It just so happens that persons suffering from Gauge style injuries also decide the Trolley problem in favor of saving five persons rather than refusing to push one to their death. Persons with brain damage aren’t the only ones who decide the Trolley problem in this way- autistic individuals and psychopaths do so as well.

Greene makes some leaps from this difference in how people respond to the Trolley problem, proposing that we have not one but two systems of moral decision making which he compares to the automatic and manual settings on a camera. The automatic mode is visceral, fast and instinctive whereas the manual mode is reasoned, deliberative and slow. Greene thinks that those who are able to decide in the Trolley problem to push the man onto the tracks to save five people are accessing their manual mode because their automatic settings have been shut off.

The leaps continue in that Greene thinks we need manual mode to solve the types of moral problems our evolution did not prepare us for, not Me vs. Us, but Us vs. Them, of our society in conflict other societies. Moral philosophy is manual mode in action, and Greene believes one version of our moral philosophy is head and shoulders above the rest, Utilitarianism, which he would prefer to be called Deep Pragmatism.

Needless to say there are problems with the Trolley Problem. How for instance does one interpret the change in responses to the problem when one substitutes a push with a switch? The number of respondents who chose to send the fat man to his death on the tracks to save five people significantly increases when one exchanges a push for a switch of a button that opens a trapdoor. Greene thinks it is because giving us bodily distance allows our more reasoned moral thinking to come into play. However, this is not the conclusion one gets when looking at real instances of personal versus instrumentalized killing i.e. in war.

We’ve known for quite a long time that individual soldiers have incredible difficulty killing even fellow enemy soldiers on the battlefield a subject brilliantly explored by Dave Grossman in his book On Killing: The Psychological Cost of Learning to Kill in War and Society. Strange thing is, whereas an individual soldier has problems killing even one human being who is shooting at him, and can sustain psychological scars because of such killing, airmen working in bombers who incinerate thousands of human beings including men women and children do not seem to be affected to such a degree by either inhibitions on killing or its mental scars. The US military’s response to this is to try to instrumentalize and automaticize killing by infantrymen in the same way killing by airmen and sailors is disassociated. Disconnection from their instinctual inhibitions against violence allows human being to achieve levels of violence impossible at an individual level.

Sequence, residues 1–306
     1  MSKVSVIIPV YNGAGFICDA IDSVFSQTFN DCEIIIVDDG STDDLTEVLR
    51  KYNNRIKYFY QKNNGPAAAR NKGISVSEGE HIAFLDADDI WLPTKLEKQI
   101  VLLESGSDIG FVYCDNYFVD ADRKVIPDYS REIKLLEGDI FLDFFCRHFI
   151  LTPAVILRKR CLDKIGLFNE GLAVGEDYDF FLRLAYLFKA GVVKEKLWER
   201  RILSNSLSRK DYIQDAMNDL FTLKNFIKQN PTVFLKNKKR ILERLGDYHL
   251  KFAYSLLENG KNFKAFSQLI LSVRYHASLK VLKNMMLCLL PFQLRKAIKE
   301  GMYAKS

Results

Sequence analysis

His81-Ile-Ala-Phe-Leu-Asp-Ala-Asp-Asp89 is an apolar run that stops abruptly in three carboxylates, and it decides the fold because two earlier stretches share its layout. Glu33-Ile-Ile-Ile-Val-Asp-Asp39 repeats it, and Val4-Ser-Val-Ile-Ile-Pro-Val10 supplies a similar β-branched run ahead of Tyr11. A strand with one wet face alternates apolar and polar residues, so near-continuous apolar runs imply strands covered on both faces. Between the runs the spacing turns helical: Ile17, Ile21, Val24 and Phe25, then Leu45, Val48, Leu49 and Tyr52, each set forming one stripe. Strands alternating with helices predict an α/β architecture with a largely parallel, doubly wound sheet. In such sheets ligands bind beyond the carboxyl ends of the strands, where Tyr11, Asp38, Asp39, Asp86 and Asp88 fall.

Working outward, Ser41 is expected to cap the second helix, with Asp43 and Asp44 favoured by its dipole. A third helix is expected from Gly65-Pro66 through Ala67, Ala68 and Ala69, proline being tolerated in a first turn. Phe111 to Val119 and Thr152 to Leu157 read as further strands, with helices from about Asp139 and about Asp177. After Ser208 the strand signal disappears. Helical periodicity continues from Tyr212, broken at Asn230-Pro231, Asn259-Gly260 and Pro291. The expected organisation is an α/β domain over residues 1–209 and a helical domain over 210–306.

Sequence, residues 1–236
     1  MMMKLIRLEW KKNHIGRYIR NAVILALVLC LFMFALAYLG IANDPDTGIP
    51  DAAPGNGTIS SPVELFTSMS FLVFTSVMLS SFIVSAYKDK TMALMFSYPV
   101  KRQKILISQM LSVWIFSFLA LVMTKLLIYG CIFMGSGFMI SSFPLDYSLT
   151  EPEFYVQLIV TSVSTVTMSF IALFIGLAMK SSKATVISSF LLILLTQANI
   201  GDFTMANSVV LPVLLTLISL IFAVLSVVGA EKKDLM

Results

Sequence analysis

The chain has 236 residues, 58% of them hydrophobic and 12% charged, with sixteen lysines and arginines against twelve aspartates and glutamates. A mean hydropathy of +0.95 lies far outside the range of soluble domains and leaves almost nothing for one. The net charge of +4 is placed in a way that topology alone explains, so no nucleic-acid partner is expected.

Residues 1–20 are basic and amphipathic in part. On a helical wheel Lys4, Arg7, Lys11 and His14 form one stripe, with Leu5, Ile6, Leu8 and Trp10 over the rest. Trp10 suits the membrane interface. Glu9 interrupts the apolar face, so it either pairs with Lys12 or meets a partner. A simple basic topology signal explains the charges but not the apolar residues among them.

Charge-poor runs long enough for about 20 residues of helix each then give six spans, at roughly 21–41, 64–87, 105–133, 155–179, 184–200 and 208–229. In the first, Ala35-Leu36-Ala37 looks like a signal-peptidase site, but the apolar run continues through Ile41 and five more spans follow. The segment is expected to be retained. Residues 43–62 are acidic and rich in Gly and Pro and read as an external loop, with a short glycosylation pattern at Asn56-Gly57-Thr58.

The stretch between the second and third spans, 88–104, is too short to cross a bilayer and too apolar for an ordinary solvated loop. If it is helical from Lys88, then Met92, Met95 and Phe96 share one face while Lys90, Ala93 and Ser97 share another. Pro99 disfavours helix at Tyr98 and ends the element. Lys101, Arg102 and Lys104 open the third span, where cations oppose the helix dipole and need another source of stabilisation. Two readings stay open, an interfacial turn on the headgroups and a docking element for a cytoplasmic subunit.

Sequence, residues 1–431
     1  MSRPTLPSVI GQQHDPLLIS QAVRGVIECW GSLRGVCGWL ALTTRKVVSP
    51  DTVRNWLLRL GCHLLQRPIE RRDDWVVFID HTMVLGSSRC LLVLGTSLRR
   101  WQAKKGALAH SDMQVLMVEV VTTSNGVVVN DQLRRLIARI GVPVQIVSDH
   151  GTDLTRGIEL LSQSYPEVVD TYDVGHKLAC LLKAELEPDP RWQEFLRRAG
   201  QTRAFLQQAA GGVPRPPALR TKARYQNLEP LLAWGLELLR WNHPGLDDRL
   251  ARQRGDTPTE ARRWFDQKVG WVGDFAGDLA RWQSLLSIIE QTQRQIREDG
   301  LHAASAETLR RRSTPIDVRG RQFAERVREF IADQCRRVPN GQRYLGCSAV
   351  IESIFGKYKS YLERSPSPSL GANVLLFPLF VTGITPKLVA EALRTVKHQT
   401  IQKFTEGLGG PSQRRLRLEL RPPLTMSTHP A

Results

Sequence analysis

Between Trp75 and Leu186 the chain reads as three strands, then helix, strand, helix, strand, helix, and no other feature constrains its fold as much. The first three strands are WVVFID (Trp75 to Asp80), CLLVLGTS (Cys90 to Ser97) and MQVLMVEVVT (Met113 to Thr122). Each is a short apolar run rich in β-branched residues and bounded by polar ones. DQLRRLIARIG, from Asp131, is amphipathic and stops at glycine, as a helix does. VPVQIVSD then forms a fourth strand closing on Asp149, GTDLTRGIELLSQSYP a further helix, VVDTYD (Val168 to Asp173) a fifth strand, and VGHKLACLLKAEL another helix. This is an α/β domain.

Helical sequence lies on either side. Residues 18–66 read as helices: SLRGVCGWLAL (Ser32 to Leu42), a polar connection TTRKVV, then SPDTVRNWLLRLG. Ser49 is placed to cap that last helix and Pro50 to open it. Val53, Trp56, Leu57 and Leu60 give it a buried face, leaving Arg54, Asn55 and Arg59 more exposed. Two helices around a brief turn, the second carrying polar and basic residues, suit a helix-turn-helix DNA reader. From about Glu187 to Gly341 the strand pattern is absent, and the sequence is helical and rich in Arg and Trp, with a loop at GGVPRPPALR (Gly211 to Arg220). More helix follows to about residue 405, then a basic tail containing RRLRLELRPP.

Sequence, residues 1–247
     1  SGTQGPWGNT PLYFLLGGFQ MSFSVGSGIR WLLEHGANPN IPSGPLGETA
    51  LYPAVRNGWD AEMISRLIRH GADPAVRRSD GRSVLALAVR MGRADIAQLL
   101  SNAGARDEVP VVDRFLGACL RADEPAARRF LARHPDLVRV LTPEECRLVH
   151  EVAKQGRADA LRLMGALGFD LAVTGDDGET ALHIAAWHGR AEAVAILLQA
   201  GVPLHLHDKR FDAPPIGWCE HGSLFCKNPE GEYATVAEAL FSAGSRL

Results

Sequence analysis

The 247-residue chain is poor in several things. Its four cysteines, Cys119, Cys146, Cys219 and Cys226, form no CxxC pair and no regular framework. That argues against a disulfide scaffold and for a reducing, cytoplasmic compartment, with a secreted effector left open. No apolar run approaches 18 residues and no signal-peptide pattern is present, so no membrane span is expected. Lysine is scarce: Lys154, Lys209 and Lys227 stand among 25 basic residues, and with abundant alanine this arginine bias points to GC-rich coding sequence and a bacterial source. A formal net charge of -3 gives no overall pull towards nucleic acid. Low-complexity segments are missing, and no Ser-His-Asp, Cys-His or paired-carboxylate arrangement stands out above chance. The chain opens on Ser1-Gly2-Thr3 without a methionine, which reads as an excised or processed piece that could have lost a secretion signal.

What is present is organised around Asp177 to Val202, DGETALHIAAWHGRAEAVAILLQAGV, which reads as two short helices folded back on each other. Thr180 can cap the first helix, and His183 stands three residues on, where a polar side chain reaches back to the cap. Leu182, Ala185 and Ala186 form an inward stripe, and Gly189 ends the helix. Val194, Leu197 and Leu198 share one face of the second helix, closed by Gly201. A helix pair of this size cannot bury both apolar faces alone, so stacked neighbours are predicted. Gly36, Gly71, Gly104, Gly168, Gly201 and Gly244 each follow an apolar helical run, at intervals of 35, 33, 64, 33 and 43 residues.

It may be the persons who chose to save five persons at the cost of one aren’t engaging in a form of moral reasoning at all they are merely comparing numbers. 5 > 1, so all else being equal choose the greater number. Indeed, the only way it might be said that higher moral reasoning was being used in choosing 5 over 1 was if the 1 that needed to be sacrificed to save 5 was the person being asked. With the question being would you throw yourself on the trolley tracks in order to save 5 other people?

Our automatic, emotional systems are actually very good at leading us to moral decisions, and the reasons we have trouble stretching them to Us vs Them problems might be different than the ones Greene identifies.

A reason the stretching might be difficult can be seen in a famous section in The Brother’s Karamazov by Russian novelist, Fyodor Dostoyevsky. “The Grand Inquisitor” is a section where the character Ivan is conveying an imaginary future to his brother Alyosha where Jesus has returned to earth and is immediately arrested by authorities of the Roman church who claim that they have already solved the problem of man’s nature: the world is stable so long as mankind is given bread and prohibited from exercising his free will. Writing in the late 19th century, Dostoyevsky was an arch-conservative, with deep belief in the Orthodox Church and had a prescient anxiety regarding the moral dangers of nihilisms and revolutionary socialism in Russia.

In her On Revolution, Hannah Arendt pointed out that Dostoyevsky was conveying with his story of the Grand Inquisitor, not only an important theological observation, that only an omniscient God could experience the totality of suffering without losing sight of the suffering individual, but an important moral and political observation as well- the contrast between compassion and pity.

Compassion by its very nature can not be touched off by the sufferings of a whole group of people, or, least of all,  mankind as a whole. It cannot reach out further than what is suffered by one person and remain what it is supposed to be, co-suffering. Its strength hinges on the strength of passion itself, which, in contrast to reason, can comprehend only the particular, but has no notion of the general and no capacity for generalization. (75)